That may be enough to reduce the harmonic current to the point that the VFD input current is equal to the 5.1 amp output current, but it isn't going to reduce it to the 4 amp reactor rating.
DickDV (Electrical)
17 Jul 08 17:05
I certainly agree with ozmosis on the sine filter.  Seven hundred feet at 5hp 600VAC is extreme length and anything less than a full sine filter will not be adequate to protect the motor insulation.

Whether a reactor is installed in front of the drive is a separate issue entirely having to do with supply power network harmonics.  Do not use a reactor if the input network harmonics are at an acceptable level.
pablo51 (Electrical)
7 Aug 08 23:25
I used to design plant systems with 30 to 40 VFD units in each installation -- I used 5% line reactors on all of the VFD's... they typically will be either 3 or 5% if spec'd with the original VFD... they will do 2 things:  a) reduce harmonics reflected back onto the system and b) let the VFD ride out systems disturbances such as capacitor bank switching, etc.

Be sure to spec inverter duty motors (I think mine were spec'd for insulation to withstand 1600v in 2 microseconds / standard is less) [it's been awhile and my specs are at work]...

I haven't used shielded cable - cable lengths were typically less than 300ft and little opportunity for interference to parallel cabling...

Used load filters on small hp (1/2hp or less if cabling exceeded 100ft) or for larger hp if cabling exceeded 700 to 1000' -- voltage spikes would exceed the insulation withstand ratings and the load reactors kept this within the ratings...

work with your motor/VFD suppliers to make sure all components are compatible for the application...
controlsdude (Electrical)
8 Aug 08 8:31
go here

http://www.transcoil.com/

we use the KLC for long motor leads

And there UL and CUL listed
MAGTiger (Electrical)
11 Aug 08 11:25
A sinewave filter is overkill at 700ft. dvdt filters like KLC and V1K (even better) are applied up to 2000 ft regularly and sometimes higher. They will limit peak voltage to about 150% of drive input rms voltage.

I would only recommend a sinewave filter under the following applications:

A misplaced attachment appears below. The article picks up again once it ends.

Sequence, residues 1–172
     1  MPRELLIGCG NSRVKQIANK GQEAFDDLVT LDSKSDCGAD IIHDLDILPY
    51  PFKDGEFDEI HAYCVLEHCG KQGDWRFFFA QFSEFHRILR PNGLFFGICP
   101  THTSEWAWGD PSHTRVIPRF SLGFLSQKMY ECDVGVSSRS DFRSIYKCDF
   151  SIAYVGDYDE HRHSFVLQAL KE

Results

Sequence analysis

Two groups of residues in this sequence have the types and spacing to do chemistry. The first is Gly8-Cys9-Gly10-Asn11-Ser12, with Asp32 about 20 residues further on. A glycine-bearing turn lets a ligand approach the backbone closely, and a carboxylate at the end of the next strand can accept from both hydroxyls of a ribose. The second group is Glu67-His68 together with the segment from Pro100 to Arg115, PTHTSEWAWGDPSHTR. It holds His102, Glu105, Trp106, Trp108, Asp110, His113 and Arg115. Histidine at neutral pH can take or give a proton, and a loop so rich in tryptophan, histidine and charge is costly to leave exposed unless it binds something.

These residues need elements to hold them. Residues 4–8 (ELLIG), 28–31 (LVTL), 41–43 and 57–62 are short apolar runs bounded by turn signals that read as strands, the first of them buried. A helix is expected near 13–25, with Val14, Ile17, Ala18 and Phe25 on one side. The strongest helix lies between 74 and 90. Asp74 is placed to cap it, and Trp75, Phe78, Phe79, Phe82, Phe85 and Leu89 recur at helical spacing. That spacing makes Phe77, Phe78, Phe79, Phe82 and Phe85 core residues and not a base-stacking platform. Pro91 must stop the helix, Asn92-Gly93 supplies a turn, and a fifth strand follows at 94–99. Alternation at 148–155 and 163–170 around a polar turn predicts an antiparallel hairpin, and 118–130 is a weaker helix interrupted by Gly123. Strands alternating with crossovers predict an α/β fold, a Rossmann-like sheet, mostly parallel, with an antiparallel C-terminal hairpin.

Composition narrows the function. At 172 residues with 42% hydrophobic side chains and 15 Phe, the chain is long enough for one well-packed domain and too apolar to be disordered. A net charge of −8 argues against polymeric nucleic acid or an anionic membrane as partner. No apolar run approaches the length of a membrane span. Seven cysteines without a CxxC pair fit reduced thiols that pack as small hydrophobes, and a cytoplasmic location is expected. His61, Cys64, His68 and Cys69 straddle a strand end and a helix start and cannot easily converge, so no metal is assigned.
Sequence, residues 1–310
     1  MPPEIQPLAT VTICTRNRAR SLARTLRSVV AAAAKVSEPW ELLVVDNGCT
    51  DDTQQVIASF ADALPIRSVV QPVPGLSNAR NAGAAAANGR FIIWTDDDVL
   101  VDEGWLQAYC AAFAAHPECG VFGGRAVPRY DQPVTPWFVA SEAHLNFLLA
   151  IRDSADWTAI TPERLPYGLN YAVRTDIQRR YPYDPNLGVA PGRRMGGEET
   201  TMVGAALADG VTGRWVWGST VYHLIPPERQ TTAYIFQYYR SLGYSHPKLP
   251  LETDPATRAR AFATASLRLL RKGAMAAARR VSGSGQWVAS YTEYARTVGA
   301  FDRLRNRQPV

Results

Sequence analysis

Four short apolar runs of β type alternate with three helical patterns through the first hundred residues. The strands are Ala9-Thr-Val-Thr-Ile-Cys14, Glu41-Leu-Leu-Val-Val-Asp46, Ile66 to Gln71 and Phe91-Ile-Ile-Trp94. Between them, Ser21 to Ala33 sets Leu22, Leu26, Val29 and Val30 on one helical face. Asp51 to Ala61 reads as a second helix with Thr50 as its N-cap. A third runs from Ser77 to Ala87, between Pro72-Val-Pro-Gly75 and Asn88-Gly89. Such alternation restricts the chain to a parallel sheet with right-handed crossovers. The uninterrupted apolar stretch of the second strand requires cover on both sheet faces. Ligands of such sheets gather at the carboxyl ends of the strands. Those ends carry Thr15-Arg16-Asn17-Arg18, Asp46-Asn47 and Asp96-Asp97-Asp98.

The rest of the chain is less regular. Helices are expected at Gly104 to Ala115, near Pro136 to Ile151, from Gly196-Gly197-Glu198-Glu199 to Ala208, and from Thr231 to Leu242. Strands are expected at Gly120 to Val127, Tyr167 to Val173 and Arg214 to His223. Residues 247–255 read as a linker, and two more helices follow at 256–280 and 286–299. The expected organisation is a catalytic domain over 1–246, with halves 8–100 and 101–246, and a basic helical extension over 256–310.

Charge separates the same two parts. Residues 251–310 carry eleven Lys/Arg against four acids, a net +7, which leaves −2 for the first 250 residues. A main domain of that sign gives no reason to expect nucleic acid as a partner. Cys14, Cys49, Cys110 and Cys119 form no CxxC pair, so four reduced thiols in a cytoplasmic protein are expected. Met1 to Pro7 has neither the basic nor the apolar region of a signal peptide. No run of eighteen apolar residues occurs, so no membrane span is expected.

True extreme lead length, greater than 3000ft. ie downhole.
HVAC where noise is an issue. The filter will transfer the noise from the motor to the filter.
Very old motors that would be difficult/costly to replace.
Shipboard where mixed and unknown loads are present.

Neil

DickDV (Electrical)
11 Aug 08 16:59
Magtiger, a sine filter at 600VAC, 5hp, 700ft is definitely not overkill.

Nineteen years of VFD experience and doing it wrong enough times to have paid my dues allows me to say that with a good level of confidence.

On the other hand, the comment above about "always using a 5% line reactor" is not good practice either.  A line reactor operating at its rated current drops the same percent voltage as its impedance % figure.  So, on a 460V service running at 460V, a 5% line reactor will drop the voltage to the drive by 5% which results in 437V.  Since drives cannot generally make voltage, that's all the motor is going to get at full speed.  Now, just add another 5% motor lead reactor "just to be sure" and there goes another 5% of the voltage at full load.  Clearly, not a good idea!

Line reactors are good things when you need them but to use them indiscriminately is a waste of money and can make other problems.

Better to use them when needed and that's all.
ozmosis (Electrical)
11 Aug 08 20:30
My turn to agree with DickDV.
As a standard on any VFD driven motor at voltages >500Vac you will need a minimum of dv/dt filters. 700ft is certainly needing sinewave filter on a standard VFD when you are looking at P-P voltages on the PWM waveform of minimum 1200v, then you have a long cable length.The motor will cook if not.
Line reactors will provide some protection on slow, low energy surges but a spike of high energy and fast acting will go straight through the AC line reactor, maybe taking out the rectifier, IGBT or if you are lucky the drive will trip.
A number of VFD's have built in DC link reactors and so the harmonic performance is as good as fitting a 5% AC reactor except you do not get the voltage drop effect that DickDV mentions. Fitting an AC line reactor to a VFD that has DC link reactors does not improve the harmonic performance that much and the downside of voltage drop and lowering the efficiency of the VFD system is an important aspect.